The starting point is the job market. It’s bad. It’s bad in many industries. “Bad,” in law, means that most students will have trouble finding a first job, especially at law firms. But a little historical perspective will reveal that the law job market has been bad — very bad — before. To take the most recent low before this era, in 1998, 55 percent of law graduates started in law firms. In 2011, that number was 50 percent. A 9 percent decline from a previous low during the worst economic conditions in decades hardly seems catastrophic. And this statistic ignores the other jobs lawyers do.

Most other jobs don’t require the assumption of tens or hundreds of thousands of dollars of debt to get a legally-mandated piece of paper that lets them perform those jobs. That’s the real catastrophe. Law school only has one purpose: to prepare people to be lawyers. If half aren’t able to become lawyers, that’s a catastrophe for those with the debt burdens that deans like Mitchell aren’t lining up to forgive.

Looking purely at the economics, in 2011, the median starting salary for practicing lawyers was $61,500; the mean salary for all practicing lawyers was $130,490, compared with $176,550 for corporate chief executives, $189,210 for internists and $79,300 for architects. This average includes many lawyers who graduated into really bad job markets.

Notice the weasel words: “the median starting salary for practicing lawyers.” What about the 50% of graduates who can’t find law work? The same is true in the second half of the sentence: “the mean salary for all practicing lawyers was $130,490.” People who get law degrees and then can’t practice are screwed. This is a classic example of How to Lie with Statistics. Mitchell is fishing for the credulous.

Thirty years ago, getting a law degree made a lot more economic sense: the tuition was much lower, and so low that people who got law degrees but didn’t practice weren’t effectively signing up for a decade if not decades of perpetual student loan payments.

The average student at a private law school graduates with $125,000 in debt. But the average lawyer’s annual salary exceeds that number. You’d consider a home mortgage at that ratio to be pretty sweet.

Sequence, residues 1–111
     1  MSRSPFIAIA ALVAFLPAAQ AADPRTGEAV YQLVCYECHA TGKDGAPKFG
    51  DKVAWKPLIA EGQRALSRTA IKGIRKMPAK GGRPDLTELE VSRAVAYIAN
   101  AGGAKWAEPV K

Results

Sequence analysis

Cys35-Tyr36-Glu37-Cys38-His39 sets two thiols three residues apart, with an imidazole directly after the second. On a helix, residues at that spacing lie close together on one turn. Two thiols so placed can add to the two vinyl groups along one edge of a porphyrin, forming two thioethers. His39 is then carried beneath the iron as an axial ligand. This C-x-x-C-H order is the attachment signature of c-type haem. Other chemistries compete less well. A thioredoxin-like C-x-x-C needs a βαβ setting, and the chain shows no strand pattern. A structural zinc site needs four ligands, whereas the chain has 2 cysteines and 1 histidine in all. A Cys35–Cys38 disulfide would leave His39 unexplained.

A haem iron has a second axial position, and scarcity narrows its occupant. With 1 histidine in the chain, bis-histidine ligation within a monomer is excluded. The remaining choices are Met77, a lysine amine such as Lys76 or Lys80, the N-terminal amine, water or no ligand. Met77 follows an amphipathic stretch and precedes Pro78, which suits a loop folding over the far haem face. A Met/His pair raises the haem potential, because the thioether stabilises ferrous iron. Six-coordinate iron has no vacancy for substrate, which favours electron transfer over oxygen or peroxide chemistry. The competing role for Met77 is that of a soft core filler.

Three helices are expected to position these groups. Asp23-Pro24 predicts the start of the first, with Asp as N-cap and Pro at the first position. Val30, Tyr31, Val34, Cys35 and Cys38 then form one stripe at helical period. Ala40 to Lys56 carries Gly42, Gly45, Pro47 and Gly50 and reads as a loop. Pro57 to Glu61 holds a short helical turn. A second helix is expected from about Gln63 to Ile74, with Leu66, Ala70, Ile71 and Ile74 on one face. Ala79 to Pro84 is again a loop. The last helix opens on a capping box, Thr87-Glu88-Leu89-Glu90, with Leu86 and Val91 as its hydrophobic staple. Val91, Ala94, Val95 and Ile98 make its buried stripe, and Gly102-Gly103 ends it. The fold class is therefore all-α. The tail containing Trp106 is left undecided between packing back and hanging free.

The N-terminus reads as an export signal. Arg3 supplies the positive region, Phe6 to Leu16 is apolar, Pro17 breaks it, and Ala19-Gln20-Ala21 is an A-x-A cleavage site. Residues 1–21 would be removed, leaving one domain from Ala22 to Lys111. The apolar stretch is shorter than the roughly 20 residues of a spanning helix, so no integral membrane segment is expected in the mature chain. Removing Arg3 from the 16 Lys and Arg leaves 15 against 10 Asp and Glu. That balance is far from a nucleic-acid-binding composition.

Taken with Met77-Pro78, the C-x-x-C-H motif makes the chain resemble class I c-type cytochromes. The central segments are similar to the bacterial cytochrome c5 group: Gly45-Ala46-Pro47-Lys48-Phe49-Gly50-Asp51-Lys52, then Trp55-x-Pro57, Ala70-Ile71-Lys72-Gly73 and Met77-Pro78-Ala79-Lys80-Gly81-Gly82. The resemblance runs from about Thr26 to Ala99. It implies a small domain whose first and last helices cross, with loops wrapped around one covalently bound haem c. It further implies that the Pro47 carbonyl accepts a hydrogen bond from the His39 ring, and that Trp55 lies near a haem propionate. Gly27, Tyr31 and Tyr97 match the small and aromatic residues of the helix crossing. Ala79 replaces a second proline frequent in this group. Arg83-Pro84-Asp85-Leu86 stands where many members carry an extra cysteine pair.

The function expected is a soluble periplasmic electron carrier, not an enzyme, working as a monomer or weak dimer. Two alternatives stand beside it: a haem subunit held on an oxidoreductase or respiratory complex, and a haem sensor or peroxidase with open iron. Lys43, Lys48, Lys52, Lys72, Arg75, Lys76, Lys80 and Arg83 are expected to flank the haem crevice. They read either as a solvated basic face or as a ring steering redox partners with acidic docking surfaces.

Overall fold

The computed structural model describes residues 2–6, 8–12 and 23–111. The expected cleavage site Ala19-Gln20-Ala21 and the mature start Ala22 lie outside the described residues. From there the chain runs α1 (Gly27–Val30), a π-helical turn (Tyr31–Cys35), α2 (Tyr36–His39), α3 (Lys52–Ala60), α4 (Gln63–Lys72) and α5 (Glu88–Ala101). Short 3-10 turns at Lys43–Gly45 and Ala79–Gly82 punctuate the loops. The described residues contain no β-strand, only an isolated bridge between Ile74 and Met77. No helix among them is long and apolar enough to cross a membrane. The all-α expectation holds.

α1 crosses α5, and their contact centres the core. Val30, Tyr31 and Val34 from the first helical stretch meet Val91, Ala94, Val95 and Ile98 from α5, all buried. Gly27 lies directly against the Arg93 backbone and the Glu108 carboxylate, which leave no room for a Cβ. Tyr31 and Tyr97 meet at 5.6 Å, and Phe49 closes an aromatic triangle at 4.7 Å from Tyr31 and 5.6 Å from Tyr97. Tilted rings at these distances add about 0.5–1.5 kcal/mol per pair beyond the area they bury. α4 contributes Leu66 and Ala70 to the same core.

Again, notice the bit about “the average lawyer’s annual salary,” which ignores how many lawyers, and especially recently graduate lawyers, are unemployed. It also ignores the misery of being an associate at a big firm, and the fact that not all or even most big-firm associates are going to make partner. Some of those average lawyers aren’t going to be lawyers for their entire careers.

The graying of baby-boom lawyers creates opportunities. As more senior lawyers retire, jobs will open, even in the unlikely case that the law business doesn’t expand with an improving economy.

People have been saying this about professors since at least the early 90s, and it’s been untrue for professors for at least that long. As Paul Campos points out, there are about twice as many J.D.s being graduated as there are jobs. That means an excess of lawyers and potential lawyers that’s only growing with time.

In the meantime, the one-sided analysis is inflicting significant damage, not only on law schools but also on a society that may well soon find itself bereft of its best and brightest lawyers.

Mitchell’s analysis could only make sense to someone arguing a legal case; it makes no sense to someone trying to assess the truth. He says, “For at least two years, the popular press, bloggers and a few sensationalist law professors have turned American law schools into the new investment banks.” That’s apt, because his essay reads like an investment banker making an idealized case for investment banking, despite the evidence all around us.

Don’t Go to Law School (Unless) — Paul Campos

Paul Campos saves what might be the best paragraph of Don’t Go To Law School (Unless): A Law Professor’s Inside Guide to Maximizing Opportunity and Minimizing Risk for the very end of the book, so I’m going to invert his structure and start with it:

Have you ever said to yourself, “I don’t know what to do with my life – so I’m going to spend three years of it going deeply and irreversibly into debt, in a quite possibly futile attempt to enter a profession that I have no actual desire to join?” I bet you haven’t, because who would ever say something that idiotic? Every year, however, thousands of people are perfectly capable of doing something that idiotic. If they weren’t, half the law schools in the country would be out of business tomorrow.

We’ve looked into the mirror and seen the enemy, and the enemy is ourselves. Sure, someone else might hand us the weapons we use to mutilate ourselves—that is, student loans—but someone who hands you a loaded gun isn’t obligating you to shoot yourself in the foot. Perhaps they shouldn’t have handed you the gun, but they did, and you can’t wholly blame that person for your mistake. It sure is more fun, however, to blame someone else for your mistakes than it is to stand up and say, “I’m an idiot and I’ve made bad life choices.”